By Allison Zisko
Through product tinkering and refinement, new packaging and new positioning, World Kitchen aims to capture a bigger piece of the youth market.
It has a raft of new products or updated products across its many brands—Pyrex, Corningware, Baker’s Secret, Corelle and Snapware among them—that will launch in the first and second quarter. It is also revamping its marketing strategy to better appeal to its target consumer, women under age 45.
“We need to strengthen and modernize our overall marketing approach,” CEO Carl Warschausky told HFN. He spoke of the need to move away from more traditional forms of marketing, such as speaking to consumers rather than speaking with them. “We have to engage them with interactive marketing tools via the Internet and mobile media,” he said.
The company is moving to a multibranded website with online and interactive digital tools for each brand, and is investing in mobile applications. An integrated marketing group will handle marketing activities for all brands and manage the company’s e-commerce site, shopworldkitchen.com. The web accounts for a “not insignificant portion” of direct-to-consumer sales, Warschausky said.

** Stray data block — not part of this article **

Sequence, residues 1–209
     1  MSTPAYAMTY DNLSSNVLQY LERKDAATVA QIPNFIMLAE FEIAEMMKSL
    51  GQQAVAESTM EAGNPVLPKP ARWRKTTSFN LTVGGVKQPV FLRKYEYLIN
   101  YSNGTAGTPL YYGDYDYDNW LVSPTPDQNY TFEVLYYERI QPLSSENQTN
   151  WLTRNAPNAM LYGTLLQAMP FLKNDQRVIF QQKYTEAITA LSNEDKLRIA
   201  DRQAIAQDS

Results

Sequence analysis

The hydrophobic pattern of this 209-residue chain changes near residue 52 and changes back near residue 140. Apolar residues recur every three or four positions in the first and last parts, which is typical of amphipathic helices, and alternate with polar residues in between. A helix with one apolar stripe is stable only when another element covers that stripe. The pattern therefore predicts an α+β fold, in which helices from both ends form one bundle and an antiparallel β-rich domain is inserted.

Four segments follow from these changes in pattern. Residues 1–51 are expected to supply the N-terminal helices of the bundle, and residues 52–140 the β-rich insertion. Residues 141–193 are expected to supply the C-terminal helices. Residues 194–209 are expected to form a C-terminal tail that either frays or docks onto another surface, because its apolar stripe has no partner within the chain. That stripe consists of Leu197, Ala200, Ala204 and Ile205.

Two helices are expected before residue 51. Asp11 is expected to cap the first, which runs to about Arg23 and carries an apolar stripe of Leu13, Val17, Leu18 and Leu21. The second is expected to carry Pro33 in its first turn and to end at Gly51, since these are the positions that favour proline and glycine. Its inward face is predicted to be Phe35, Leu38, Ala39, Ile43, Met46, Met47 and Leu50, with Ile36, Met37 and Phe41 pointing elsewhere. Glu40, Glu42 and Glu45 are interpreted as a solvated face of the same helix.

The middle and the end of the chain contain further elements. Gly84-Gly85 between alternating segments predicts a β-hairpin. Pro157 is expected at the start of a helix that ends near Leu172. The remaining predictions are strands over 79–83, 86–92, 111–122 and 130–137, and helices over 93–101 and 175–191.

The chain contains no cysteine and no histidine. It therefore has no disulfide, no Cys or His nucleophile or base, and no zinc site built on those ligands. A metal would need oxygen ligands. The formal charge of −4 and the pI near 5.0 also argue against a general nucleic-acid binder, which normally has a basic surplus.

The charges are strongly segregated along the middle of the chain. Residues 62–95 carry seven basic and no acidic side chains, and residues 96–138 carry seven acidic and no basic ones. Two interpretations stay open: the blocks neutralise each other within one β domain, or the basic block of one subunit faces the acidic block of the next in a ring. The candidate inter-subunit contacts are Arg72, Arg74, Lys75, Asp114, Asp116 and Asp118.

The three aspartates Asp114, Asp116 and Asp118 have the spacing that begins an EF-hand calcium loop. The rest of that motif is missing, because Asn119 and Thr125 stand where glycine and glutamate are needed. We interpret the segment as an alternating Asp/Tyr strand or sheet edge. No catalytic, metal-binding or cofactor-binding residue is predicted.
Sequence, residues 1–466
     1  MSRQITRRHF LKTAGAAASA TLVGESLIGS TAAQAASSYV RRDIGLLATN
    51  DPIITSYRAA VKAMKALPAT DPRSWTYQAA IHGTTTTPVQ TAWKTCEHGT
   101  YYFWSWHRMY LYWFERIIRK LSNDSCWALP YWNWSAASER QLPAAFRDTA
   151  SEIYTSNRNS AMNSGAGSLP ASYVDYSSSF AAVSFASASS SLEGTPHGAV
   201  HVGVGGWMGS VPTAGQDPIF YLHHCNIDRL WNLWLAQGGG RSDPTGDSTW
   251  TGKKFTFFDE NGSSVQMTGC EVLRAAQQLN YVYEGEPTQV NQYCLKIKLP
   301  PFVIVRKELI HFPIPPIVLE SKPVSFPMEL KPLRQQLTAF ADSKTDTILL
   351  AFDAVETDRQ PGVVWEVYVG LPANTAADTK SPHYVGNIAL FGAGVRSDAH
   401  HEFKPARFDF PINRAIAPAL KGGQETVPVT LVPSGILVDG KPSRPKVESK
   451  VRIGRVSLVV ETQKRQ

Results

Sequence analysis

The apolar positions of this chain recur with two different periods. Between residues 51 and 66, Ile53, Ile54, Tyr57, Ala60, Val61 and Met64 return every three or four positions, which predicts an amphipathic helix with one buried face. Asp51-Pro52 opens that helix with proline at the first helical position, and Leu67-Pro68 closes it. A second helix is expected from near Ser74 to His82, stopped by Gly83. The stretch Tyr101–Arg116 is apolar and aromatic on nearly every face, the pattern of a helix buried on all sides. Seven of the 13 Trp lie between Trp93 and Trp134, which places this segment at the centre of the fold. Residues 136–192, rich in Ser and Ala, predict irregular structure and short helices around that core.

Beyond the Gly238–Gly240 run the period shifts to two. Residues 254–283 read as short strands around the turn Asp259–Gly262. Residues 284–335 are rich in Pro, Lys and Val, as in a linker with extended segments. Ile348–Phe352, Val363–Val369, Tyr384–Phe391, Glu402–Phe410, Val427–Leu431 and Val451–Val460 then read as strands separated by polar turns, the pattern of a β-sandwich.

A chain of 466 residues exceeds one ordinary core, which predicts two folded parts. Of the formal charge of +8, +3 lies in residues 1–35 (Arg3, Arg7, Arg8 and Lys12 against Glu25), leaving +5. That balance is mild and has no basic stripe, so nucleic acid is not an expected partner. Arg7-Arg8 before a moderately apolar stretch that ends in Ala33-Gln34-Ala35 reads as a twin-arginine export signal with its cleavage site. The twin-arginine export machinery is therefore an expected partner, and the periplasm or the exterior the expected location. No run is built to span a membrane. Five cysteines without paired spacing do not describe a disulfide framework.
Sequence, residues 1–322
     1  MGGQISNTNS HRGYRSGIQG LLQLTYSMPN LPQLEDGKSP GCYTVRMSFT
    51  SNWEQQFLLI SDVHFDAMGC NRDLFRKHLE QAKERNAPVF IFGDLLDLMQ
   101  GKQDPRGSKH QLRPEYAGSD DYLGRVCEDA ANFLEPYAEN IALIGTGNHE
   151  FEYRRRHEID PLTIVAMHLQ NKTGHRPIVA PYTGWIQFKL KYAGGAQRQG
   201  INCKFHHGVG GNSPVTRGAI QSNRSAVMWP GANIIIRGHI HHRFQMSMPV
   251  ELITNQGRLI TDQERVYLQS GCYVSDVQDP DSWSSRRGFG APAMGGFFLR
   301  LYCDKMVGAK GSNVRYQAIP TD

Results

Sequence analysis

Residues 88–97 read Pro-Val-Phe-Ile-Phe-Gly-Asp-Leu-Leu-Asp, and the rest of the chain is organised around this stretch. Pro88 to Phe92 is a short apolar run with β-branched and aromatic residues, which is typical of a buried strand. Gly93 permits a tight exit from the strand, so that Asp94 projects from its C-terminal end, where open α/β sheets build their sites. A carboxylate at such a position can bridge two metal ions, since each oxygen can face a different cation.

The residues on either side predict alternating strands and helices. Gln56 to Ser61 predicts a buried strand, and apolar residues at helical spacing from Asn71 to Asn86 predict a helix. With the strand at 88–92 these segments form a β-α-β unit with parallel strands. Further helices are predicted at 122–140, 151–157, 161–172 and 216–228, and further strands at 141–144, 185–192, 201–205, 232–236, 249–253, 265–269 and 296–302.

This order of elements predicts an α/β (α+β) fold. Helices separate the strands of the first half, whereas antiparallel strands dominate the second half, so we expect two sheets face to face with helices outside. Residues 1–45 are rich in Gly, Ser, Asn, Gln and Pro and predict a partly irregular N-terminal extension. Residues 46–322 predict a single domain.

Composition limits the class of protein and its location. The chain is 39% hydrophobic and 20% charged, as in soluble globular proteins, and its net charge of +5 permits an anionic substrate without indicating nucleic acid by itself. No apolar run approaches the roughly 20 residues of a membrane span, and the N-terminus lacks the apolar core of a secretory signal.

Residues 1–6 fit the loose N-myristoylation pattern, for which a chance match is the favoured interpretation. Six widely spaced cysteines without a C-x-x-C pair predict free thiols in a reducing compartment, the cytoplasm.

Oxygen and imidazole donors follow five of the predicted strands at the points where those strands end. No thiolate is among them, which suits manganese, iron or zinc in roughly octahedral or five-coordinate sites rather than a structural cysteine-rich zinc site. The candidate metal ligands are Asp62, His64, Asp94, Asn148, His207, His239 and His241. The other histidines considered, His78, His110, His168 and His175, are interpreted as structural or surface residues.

Warschausky also has plans to build the Snapware brand, which it acquired in late 2010. He described the food storage company as a “creative and innovative” maker of high-quality products. He is confident that placing Snapware product in World Kitchen’s distribution channels can help boost its market share significantly.
The company recently signed an agreement with chef Emeril Lagasse for Emeril by Snapware storage, to be offered on multichannel retailer HSN. World Kitchen will create more Snapware product demonstration videos, contests and sweepstakes, taking advantage of consumers’ desire to get organized in January. It will also debut a storage line called Total Solution that merges a Pyrex glass body with a plastic Snapware lid. All parts are made in the U.S. The redesigned lid is easier to open and close and the rim of the vessel is now chip-resistant. The pieces both stack and nest. A plastic body and plastic lid combo is still available.
Globally, Snapware’s sales grew more than 25 percent in 2012, according to Warschausky. “We’re excited about what Snapware can become,” he said.
World Kitchen is trying to give Corelle a more upscale image. Corelle enjoys a 57 percent market share in Japan, where it is a big bridal brand, according to Patrick Inuk Kim, World Kitchen’s new vice president of marketing. In the U.S., Corelle is introducing the Boutique line, featuring more delicately embossed and decaled designs geared toward department stores. Corelle previously offered a lifestyle brand for department stores at the opening price point. The Boutique line replaces that with prices that range between $79 and $89 for a 16-piece set. The packaging has also been redesigned to better appeal to a younger audience, Kim said.
The strategy for Corelle, Warschausky said, is to sell the product on its attributes and style rather than its price. This has proved effective in Asia and Warschausky believes it can also be accomplished in the United States. “Looking for ways to differentiate is important,” he said.